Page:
ISR News Story
Virtual Demonstrations and Crowdsourcing Could Lead Advancements in Autonomous Robots
University of Maryland (UMD) Assitant Research Professor Krishnanand N. Kaipa, graduate student Joshua Langsfeld and Professor Satyandra K. Gupta have published an article, "Robot See, Robot Do," in the American Society for Mechanical Engineer's magazine Mechanical Engineering discussing new approaches to programming autonomous robots through imitation learning, virtual demonstrations and even crowdsourcing.
From unmanned aerial vehicles and assembly lines to medical surgery and the classroom, society is incorporating robots into more and more everyday roles that require them to perform greater levels of complex tasks; however, current approaches in manual programing limit the ability to successfully program these robots for complex jobs.
But what if you could 'show' the robot how to do the job? What if the robot could even learn from failure, and develop more efficient processes on its own? That's exactly what Kaipa and his co-authors set out to demonstrate through advancing techniques in what is called 'imitation learning'—where robots are shown demonstrations to help them learn a given task.
Through examples from unmanned helicopters to robots performing general manipulation tasks (think setting the table), the authors highlight how robots can acquire complex tasks through 'watching' human driven demonstrations. This approach does have its limitations. The robots are only able to utilize a small number of successful human demonstrations or there are too many subtle differences between the robot and the human demonstrations which result in a greater degree of error.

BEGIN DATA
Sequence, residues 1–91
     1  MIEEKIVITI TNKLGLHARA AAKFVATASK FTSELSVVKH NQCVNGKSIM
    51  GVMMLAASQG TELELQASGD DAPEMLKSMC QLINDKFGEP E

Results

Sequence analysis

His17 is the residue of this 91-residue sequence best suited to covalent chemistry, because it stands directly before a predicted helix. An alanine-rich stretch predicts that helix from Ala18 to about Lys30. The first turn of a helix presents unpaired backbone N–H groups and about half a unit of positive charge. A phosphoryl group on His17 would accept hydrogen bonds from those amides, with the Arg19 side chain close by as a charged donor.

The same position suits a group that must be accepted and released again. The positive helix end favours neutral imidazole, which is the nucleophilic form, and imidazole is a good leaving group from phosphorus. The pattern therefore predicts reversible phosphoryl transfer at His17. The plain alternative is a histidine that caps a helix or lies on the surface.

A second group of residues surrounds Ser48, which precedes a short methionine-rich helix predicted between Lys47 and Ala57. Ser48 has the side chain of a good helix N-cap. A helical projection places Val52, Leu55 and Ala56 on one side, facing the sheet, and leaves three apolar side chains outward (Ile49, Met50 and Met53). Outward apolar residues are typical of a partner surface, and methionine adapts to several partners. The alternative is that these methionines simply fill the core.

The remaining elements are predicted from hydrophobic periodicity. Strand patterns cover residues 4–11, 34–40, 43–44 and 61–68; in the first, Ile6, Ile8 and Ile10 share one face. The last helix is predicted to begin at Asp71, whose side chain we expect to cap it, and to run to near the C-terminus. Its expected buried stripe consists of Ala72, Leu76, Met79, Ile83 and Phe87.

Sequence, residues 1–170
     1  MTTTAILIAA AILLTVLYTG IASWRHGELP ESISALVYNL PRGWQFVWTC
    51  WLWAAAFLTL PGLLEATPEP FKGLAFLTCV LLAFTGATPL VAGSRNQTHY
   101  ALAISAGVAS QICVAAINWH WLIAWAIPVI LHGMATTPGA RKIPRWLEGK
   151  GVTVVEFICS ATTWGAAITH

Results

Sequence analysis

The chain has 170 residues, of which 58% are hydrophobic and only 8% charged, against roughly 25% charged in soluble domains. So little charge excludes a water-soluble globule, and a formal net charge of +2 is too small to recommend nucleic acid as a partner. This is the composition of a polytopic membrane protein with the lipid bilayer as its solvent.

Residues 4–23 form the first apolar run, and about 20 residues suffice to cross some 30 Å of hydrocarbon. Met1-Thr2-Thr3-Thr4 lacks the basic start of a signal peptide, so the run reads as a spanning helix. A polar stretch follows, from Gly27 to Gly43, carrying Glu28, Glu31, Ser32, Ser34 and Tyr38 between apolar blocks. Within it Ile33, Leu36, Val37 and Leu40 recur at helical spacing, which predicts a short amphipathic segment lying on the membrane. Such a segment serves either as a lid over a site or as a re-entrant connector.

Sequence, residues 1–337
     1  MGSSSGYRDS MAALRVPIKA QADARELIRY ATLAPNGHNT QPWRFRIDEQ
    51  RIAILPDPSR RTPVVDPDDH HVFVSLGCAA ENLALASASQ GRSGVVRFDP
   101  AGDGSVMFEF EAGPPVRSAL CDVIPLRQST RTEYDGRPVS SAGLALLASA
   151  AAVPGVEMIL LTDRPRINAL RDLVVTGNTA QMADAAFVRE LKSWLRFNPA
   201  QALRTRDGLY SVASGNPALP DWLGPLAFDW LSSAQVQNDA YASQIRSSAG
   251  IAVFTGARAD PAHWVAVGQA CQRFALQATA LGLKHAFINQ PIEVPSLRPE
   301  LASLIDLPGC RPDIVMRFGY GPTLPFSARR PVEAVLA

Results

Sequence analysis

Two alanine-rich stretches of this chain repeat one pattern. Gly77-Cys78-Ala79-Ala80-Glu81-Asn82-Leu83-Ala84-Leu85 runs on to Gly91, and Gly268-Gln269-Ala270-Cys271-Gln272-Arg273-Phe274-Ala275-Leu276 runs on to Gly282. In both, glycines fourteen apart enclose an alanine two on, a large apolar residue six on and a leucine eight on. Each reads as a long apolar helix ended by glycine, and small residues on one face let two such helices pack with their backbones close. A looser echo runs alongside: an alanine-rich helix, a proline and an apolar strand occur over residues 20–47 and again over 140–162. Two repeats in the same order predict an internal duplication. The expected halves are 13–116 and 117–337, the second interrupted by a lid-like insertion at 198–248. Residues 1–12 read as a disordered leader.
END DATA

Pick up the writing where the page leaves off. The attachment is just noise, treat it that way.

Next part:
To combat these shortcomings in imitation learning from physical demonstrations, the UMD researchers are developing imitation learning algorithms that would help the robots learn from not just the successful demonstrations, but from the failures as well. Just like a human learner, the robot would gain experience and improve their performance with repeated tasks. Their current project involves training a robot to pour liquid into a container on a revolving platform—mimicking an assembly-line like task—and the robot learns from its own trial and error how to succeed.
Watch UMD researchers demonstrate imitation learning.
Researchers are not stopping there though. As tasks increase in complexity, the ability to provide enough accurate demonstrations for imitation learning to be reliable becomes costly in both time and money. According to the authors, turning to the virtual world and crowdsourcing is becoming an effective alternative.
These virtual demonstrations rely on 'physics-based' robot simulators and through online games and challenges, enable thousands of individuals to interact and collaborate with virtual robotic counterparts. These interactions help develop new robot behaviors that might not be achieved in a physical setting, because there is a greater diversity of demonstrations and there is a greater chance of encountering more novel and creative ways of performing a task.
According to the authors, "We expect demonstrators recruited via crowd-sourcing to be non-experts and therefore to fail, but robots can still learn from those failures, just as humans do."
September 23, 2014